January 2023
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Sunday January 1, 2023 9:00 AM EST
Flyer for New Year's Day Hike

Do you get overloaded on football, food and festivities? The UT Arboretum Society is offering a great alternative: start out the year on the “right foot” by joining our New Year’s Hike at the UT Arboretum, 901 S. Illinois Avenue in Oak Ridge, on Sunday, January 1, 2023. Please follow the signs for parking up to the auditorium.

We will gather at 9am at the UT Arboretum Auditorium where you will be greeted by fellow hikers and offered coffee, hot chocolate and snacks. At 9:30 am the group will leave for a guided hike that will last about 45 minutes. The hike will follow a forest trail and will visit the Elmore Holly Collection.

Please wear clothes appropriate to the weather and boots or good shoes for outdoor walking. We aim for this hike to be suitable for all, but the difficulty level of the hike is dependent on individual fitness. Be sure to bring a water bottle to stay hydrated as you hike. Due to ongoing research projects on our grounds, we are unable to allow pets.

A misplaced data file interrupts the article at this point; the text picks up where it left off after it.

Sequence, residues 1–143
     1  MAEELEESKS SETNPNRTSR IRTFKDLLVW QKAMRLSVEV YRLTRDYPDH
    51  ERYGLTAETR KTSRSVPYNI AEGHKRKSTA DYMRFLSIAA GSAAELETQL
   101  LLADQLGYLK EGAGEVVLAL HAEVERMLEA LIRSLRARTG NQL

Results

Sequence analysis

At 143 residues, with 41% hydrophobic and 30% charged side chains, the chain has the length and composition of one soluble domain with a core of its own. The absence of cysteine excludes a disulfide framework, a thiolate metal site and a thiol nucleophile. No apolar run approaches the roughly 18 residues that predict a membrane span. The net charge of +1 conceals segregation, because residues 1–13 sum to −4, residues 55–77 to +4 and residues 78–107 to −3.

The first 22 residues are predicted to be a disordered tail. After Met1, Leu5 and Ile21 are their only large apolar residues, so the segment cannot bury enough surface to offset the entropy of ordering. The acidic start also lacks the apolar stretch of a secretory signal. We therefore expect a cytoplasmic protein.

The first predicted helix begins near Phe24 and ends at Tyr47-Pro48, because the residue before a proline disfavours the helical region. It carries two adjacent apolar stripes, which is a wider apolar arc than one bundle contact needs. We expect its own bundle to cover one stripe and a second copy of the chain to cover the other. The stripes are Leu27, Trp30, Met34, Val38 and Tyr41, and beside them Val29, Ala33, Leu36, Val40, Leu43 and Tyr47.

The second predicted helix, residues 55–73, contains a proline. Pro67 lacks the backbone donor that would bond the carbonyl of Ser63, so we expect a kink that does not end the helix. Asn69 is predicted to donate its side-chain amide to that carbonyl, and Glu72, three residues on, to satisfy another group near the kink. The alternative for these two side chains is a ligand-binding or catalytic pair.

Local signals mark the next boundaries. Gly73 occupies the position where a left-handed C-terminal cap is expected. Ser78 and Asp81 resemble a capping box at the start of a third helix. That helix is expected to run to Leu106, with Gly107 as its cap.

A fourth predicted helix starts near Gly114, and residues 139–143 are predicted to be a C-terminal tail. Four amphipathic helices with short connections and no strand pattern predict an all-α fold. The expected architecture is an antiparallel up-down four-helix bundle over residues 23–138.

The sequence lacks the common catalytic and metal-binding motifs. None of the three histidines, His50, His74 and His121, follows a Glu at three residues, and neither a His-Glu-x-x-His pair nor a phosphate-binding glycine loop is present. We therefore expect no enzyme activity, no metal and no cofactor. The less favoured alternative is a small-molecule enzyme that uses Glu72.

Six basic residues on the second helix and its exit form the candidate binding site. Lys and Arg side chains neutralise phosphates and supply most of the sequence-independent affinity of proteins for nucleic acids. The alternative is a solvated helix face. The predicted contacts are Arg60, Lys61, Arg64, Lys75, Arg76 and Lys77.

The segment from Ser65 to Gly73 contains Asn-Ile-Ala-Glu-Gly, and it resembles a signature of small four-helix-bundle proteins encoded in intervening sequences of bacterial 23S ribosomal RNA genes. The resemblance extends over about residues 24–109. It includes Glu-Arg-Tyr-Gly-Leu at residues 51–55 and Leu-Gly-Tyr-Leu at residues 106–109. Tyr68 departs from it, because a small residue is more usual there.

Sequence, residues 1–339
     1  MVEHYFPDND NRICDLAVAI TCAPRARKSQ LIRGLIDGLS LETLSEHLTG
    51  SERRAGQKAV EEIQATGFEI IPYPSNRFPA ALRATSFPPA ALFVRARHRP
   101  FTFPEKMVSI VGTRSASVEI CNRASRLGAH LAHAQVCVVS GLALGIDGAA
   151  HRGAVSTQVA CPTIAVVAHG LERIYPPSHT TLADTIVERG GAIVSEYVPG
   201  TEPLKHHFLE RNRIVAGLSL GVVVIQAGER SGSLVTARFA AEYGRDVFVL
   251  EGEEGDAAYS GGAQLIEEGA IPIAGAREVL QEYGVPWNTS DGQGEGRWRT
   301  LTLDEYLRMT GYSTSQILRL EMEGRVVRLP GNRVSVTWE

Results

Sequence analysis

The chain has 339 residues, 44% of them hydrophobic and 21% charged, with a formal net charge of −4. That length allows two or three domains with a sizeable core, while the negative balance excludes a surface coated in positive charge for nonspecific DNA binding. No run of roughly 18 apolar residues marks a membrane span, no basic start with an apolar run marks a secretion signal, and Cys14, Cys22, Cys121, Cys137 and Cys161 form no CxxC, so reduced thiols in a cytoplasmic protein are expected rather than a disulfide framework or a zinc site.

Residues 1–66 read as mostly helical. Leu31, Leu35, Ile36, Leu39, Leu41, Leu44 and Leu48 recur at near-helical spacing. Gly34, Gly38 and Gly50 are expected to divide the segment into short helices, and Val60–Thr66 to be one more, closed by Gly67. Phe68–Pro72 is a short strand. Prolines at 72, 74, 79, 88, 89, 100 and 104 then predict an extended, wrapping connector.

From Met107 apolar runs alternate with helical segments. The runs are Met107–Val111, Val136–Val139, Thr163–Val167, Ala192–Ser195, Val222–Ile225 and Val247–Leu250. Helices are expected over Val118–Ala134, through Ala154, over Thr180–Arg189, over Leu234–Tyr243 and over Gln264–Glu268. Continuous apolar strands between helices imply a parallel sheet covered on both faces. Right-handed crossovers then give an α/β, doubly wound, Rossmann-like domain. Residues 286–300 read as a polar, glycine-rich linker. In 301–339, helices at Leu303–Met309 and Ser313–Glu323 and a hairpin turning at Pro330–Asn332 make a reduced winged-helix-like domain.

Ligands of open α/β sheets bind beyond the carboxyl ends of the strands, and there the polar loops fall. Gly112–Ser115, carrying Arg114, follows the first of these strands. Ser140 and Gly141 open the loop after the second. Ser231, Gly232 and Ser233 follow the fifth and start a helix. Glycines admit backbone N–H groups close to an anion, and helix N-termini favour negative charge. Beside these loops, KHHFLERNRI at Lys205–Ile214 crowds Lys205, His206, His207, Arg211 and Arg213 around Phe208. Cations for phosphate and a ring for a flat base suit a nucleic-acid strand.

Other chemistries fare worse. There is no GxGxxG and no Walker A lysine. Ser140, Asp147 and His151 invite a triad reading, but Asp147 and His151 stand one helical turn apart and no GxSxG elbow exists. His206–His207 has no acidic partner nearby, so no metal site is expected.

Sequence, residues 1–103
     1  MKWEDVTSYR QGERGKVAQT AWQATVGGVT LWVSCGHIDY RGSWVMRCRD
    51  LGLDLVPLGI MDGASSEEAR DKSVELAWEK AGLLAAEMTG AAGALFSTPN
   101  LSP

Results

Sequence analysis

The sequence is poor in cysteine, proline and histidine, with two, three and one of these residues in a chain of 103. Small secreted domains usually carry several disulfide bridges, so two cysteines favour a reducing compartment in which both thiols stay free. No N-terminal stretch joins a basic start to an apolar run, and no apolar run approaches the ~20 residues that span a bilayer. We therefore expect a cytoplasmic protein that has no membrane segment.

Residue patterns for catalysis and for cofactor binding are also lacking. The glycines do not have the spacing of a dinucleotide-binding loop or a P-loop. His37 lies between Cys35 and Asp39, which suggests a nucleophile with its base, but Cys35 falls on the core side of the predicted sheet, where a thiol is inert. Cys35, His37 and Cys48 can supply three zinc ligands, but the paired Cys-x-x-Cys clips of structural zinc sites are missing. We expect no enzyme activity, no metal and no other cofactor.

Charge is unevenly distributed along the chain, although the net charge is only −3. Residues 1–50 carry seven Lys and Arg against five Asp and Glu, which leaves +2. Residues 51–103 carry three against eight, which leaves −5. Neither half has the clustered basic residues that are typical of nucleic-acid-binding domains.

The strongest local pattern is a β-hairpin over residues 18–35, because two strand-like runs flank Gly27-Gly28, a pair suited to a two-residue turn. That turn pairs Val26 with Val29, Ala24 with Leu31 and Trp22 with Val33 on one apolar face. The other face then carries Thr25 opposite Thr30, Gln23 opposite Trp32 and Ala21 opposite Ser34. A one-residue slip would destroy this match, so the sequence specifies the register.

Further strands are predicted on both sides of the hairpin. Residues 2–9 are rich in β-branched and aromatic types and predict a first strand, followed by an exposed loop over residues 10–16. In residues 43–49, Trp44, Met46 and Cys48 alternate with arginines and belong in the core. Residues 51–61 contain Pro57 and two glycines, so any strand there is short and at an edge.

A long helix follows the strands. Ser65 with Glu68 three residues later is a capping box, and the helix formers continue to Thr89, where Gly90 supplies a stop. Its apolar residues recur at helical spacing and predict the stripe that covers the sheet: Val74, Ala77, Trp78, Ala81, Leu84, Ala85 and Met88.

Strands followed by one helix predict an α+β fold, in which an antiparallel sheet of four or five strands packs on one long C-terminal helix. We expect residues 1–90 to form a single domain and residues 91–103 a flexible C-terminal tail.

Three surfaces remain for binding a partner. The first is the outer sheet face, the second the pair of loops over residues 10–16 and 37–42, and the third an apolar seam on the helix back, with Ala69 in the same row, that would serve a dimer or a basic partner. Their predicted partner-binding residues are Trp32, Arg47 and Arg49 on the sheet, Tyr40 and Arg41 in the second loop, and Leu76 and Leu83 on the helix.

This is a free program offered by the University of Tennessee Arboretum Society. No registration is required. For more information contact [email protected].

Friday January 6, 2023 7:00 PM EST
A hermit thrush that is only here in winter. Photo by Betty Thompson
Hermit Thrush, Photo Betty Thompson

Winter is an excellent time to look for birds. Most of the leaves are gone from the trees and the birds are more visible, plus there are several bird species that are only here in the cold weather months because they migrate from farther north or higher elevation to find food. 

Join Michelle Campanis, education coordinator at the University of Tennessee Arboretum, and naturalist Stephen Lyn Bales via Zoom for an overview of winter species like dark-eyed junco, hermit thrush, yellow-bellied sapsucker, purple finch, winter wren and many more!

It’s the “Brrrrr-irds of Winter,” our first UT Arboretum First Thursday Supper Club of 2023 is January 5 at 7 p.m. via Zoom. The program is free but registration is required to receive your Zoom link and the recording. Closed captions are available.

Contact Michelle Campanis for questions or registration issues.. 


Thursday January 12, 2023 7:00 PM EST
Christine sitting by water fall wearing backpack